Emmerdale Spoilers: Nobody saw the pairing of Charity Dingle and Vanessa Woodfield coming in Emmerdale – least of all the characters and the actresses that play them – but fans are already shipping ‘Vanity’ in a big way. As the pairing becomes an official couple, Emma Atkins and Michelle Hardwick talk about what the future holds for the village’s latest super couple.
After playing it cool for the past few weeks, all casual and no strings attached, Charity Dingle and Vanessa Woodfield finally admitted that their feeling had grown and maybe there ought to be a string or two. Fans cheered as the good ship ‘Vanity’ set sail but will the pair have calm waters ahead?
Actresses Emma Atkins (Charity Dingle) and Michelle Hardwick (Vanessa Woodfield) spoke to the press at a recent Emmerdale media event about what the future holds now they are official.
Were you pleased with the episode?
Michelle: Yeah! When they’re at the gay bar next week, they’d not actually broken up. They’re not separated before they go there, but before Vanessa leaves, she tells Charity: ‘Just so you know, it is no strings so we can have fun, it’s a casual thing’. So Vanessa gets there and she’s having a selfie with this attractive girl. You can see her testing Charity.
Emma: Charity goes wild with jealousy really, so she gets her arse to the gay bar. I think Charity’s shocked by how far her feelings run for Vanessa. She thought it was a bit of fun, but she realises that she’s really loving her company and they spar off each other brilliantly. It’s a nice dynamic and I think it’s quite a surprise. Her feelings become clear when she finds herself going to this bar to say ‘don’t be doing this’. She appears to have put men on hold. She probably feels that it’s not working out. She’s been hard done by, she feels, with Frank and she’s gone the other way I guess. I think it’s sprung up from absolutely nowhere. As actors, when we got the scripts, we were like ‘this is so random’. But I guess in life, that is sometimes how nature is. You turn a corner and you hit the sort of thing where you find yourself questioning it but you’re still doing it.”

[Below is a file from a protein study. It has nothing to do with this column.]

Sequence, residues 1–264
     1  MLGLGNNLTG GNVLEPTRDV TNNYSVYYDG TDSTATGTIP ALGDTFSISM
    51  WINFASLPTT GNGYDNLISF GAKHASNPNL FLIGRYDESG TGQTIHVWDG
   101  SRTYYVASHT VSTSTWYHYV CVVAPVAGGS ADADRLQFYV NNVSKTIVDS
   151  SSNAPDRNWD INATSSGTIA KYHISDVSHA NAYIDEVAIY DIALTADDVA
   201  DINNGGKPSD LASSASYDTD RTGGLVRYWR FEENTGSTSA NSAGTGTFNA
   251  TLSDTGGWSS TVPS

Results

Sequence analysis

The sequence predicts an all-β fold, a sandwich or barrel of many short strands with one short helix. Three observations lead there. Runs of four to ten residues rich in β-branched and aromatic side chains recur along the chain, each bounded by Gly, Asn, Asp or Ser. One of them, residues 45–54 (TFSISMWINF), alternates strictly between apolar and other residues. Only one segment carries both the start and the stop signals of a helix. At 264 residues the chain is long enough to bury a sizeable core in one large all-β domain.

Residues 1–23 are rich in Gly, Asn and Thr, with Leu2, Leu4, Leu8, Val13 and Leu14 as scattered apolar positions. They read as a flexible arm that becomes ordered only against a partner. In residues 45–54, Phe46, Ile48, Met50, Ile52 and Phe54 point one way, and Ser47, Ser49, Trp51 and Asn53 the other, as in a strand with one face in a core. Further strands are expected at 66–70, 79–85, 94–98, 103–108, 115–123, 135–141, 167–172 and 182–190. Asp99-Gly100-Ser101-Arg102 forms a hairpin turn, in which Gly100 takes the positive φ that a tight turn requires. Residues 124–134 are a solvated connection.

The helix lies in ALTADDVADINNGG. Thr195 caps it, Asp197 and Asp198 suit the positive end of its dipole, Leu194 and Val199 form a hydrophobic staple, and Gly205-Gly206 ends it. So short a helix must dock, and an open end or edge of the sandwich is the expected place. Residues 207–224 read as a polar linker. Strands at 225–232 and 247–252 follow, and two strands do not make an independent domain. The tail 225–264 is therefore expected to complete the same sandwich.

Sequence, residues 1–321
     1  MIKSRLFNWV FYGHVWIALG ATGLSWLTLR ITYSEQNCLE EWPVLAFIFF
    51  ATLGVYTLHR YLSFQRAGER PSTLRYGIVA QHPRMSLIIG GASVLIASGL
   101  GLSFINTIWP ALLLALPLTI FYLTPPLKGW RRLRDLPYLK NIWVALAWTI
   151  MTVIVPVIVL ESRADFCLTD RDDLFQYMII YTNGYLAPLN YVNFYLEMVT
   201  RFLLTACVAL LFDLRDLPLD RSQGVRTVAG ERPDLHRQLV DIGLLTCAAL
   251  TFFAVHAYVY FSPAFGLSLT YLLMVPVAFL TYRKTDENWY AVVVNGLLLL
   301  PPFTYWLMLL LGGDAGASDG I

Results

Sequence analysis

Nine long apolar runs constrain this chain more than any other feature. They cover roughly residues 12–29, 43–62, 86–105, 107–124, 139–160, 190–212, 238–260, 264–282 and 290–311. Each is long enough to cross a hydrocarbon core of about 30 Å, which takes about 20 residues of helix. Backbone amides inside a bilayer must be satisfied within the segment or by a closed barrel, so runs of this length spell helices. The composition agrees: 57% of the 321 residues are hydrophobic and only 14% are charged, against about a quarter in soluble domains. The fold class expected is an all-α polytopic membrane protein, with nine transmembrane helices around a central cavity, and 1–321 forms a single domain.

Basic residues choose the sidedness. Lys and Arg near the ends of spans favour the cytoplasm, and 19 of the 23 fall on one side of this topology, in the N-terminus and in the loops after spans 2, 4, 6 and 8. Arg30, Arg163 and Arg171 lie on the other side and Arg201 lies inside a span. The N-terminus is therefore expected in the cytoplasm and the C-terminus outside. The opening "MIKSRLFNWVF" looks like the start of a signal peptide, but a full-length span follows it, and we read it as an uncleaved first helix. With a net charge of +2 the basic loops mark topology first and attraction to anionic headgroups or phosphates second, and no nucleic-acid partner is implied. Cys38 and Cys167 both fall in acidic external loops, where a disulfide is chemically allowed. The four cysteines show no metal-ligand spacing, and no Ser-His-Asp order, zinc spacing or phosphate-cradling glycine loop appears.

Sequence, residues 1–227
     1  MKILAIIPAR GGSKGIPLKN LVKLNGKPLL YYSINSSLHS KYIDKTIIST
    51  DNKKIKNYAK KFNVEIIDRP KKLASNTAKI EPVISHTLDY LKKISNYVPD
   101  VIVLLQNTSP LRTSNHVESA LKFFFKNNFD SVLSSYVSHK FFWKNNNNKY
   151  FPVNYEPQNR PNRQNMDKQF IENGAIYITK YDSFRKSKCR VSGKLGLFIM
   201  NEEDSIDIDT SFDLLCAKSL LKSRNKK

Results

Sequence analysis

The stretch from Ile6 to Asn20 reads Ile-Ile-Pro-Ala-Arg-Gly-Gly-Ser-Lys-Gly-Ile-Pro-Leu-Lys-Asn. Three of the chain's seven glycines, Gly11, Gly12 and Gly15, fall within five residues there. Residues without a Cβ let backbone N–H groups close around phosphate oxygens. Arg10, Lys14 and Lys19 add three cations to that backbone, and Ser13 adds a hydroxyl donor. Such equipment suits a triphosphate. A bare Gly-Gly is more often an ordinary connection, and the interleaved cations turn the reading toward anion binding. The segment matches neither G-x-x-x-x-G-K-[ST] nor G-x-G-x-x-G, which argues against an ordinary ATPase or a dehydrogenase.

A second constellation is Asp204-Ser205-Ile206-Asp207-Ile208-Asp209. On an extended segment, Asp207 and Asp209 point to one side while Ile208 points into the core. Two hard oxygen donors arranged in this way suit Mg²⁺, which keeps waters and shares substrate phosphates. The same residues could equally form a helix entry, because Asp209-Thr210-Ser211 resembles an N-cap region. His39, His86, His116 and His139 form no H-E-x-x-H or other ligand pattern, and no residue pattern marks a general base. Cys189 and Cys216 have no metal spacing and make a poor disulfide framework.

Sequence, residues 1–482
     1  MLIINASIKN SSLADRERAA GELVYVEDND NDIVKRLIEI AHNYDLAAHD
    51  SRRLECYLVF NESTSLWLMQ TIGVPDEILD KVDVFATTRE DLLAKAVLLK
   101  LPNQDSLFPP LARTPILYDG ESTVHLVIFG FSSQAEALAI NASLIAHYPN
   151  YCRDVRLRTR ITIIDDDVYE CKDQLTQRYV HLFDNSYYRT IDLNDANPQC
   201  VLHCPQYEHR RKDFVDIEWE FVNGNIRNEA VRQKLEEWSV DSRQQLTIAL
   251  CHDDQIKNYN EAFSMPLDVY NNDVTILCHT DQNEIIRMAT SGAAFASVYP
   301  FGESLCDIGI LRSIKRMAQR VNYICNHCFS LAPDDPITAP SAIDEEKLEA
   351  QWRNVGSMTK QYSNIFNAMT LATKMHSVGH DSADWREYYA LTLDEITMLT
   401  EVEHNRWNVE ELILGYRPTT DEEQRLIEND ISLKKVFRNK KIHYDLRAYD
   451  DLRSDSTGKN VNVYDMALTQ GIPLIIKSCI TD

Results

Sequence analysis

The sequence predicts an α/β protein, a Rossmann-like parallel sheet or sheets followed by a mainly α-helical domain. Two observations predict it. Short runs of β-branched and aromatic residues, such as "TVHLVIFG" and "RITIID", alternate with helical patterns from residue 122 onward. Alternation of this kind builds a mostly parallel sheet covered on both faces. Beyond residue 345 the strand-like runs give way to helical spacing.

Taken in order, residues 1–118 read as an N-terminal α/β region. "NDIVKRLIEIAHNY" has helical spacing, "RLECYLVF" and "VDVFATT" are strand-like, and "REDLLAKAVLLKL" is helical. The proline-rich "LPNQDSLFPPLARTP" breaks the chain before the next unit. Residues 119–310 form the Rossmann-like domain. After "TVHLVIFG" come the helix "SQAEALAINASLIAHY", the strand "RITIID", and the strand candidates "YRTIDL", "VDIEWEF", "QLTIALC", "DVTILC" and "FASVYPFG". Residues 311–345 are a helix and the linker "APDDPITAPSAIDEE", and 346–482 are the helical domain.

It started with Charity pulling the strings…
Michelle: Vanessa has stepped up.
Emma: Which is brilliant, Charity loves a challenge. She was powerful for about five minutes but Vanessa said: ‘What’s your game? All this power. It’s pathetic’. It is pathetic and Charity thought no-one has ever spoken to her like that before! People usually jump and fall at her feet. She’s just a really open soul and saying ‘I think your game-playing is utterly ridiculous, life is too short to be behaving in this ridiculous way’. Something just hits Charity and I think she enjoys Vanessa’s company and words of wisdom. She think it works. There is that scene where she says that she might break her heart in the future, so she’s being an absolute arse. But for the moment it’s working for both of them.
What is it about Vanessa that’s got her so transfixed?
Emma: She’s very beautiful but isn’t a walkover, she’s very real but isn’t afraid to show her delicate side as well. Again I think Charity is used to playing strange power games. Vanessa isn’t entering into it, so I think Charity perhaps finds it appealing that there is no game-playing for once. It’s: ‘I fancy you, you fancy me, we get on well, we make each other laugh, how about it?’ She’s gone with it, so maybe it’s a softer side to Charity at this moment in time. I’m sure it won’t last forever.
What kind of reaction have you had?
Emma: Teenage lesbians are going crazy for it. I can’t believe it.
Michelle: It’s gone nuts on Twitter. I get so many messages saying ‘Thank you for this storyline, you’ve helped us come out’. It’s quite overwhelming really, when you do read them all. It’s a lot.
Emma: Because it is so random, I thought people would say ‘this is too unbelievable’. But then you go, why is it unbelievable?
Do you feel a sense of responsibility?
Michelle: Oh absolutely. It’s like every story though in any soap. You’ve got to tell it right and do your research. I have been there myself. I came out to my family when I was 28/29. I didn’t have the courage to do that before. But then again, I had no role model then to look up to when I was 18. There was nobody really, so that is why I have been very upfront and honest and shared my story.